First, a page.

Thursday, February 28, 2013

Bailing Gumbies

Even after receiving the gift of life from our friends Dave and Micah at the base of Half Dome, the hike down the death slabs was a brutal endeavor. Once again it was hot when we started our descent, and the sun broiled us mercilessly. Its reflection off the slabs seemed to amplify its effect, increasing our suffering logarithmically. Both Dan and I drank about a liter and a half of our friends' water when we met them at the base of the route. But that was after more than 12 hours without any liquids. Prior to that, we had been conservative with what little water we did have. Although our stomachs felt distended after chugging what we could, our bodies were still suffering from prolonged dehydration.

Dave, despondent over not
getting to climb...but he
gave us his water!
On the hike down, this manifested itself in all kinds of fun and interesting ways. We both had headaches and nausea, along with the obvious fatigue. I was confused and lethargic. I stumbled on seemingly every other step. Urination was painful and, thank god, infrequent. But the worst of all of these symptoms was the moodiness. I had no right to be the least bit grouchy, seeing as we had just climbed one of our dream routes in good style; nevertheless, I was full-on cantankerous. I had to restrain myself from yelling at a friendly European couple that passed us on the hike down. How dare they? I also remember feeling pissed off at Dan for not thinking of asking Dave and Micah to leave us more water for the descent. In my present state of mind, that was clearly his mistake. When we finally made it off the slabs onto the forest trail, I felt like punching a French hiker for not knowing exactly how far away the bus stop was ("You'd be speaking Deutsch if it wasn't for us, you ignorant Frog!" I said to myself).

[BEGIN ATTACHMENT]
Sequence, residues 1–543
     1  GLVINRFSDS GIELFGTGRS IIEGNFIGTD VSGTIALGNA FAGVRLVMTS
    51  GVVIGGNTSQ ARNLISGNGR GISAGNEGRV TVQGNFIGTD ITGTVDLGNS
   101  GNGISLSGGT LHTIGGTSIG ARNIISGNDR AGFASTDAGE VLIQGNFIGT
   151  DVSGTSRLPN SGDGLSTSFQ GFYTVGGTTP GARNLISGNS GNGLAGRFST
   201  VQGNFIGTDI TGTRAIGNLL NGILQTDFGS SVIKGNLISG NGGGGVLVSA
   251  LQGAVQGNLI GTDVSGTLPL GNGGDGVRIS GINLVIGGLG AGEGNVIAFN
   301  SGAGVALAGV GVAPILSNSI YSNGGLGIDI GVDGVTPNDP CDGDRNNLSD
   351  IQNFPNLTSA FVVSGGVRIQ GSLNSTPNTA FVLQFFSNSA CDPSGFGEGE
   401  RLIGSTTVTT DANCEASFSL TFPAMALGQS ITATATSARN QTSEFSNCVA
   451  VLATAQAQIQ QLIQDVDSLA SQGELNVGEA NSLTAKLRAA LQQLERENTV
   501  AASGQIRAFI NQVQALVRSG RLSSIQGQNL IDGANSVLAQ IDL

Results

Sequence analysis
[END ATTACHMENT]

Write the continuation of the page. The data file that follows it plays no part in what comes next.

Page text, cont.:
But the coup de grace came on the bus, only one stop away from the Curry Village Pizza Deck and our salvation. The bus pulled over to let off a group of hikers, and one of them had the audacity to ask for directions to a trailhead. The bus driver indulged, and took her sweet time pointing him in the right direction. "There are ten hikers in that group. Doesn't one of them have a fucking map?!" I yelled. This time it wasn't just in my head. If they heard me, nobody paid attention, and soon enough the bus stopped at Curry Village. I leveled an icy gaze at the bus driver as I disembarked. That'll teach her to waste my time. ("I just climbed Half Dome. Who the hell are you?")

Minutes after getting off that bus I had a Gatorade in hand and all of that negativity suddenly started to dissolve with each gulp. Relief from the immediate discomfort of dehydration seemed to accelerate the half-life of Type 2 Fun.

It's incredible how easily the discomfort and uncertainty of a climb can fade from memory, crowded out by the expanding ego and certitude that come with success. Mere hours after cursing at a friendly bus driver, I sat in Curry Village--hydrated and surrounded by granite monoliths and pizza--thinking that climbing Half Dome was the single coolest thing I had ever done. Soon Dan and I were relaxing, beers in hand, nostalgically glossing over our climb while wearing rose-colored glasses:
  • We hadn't really been that thirsty.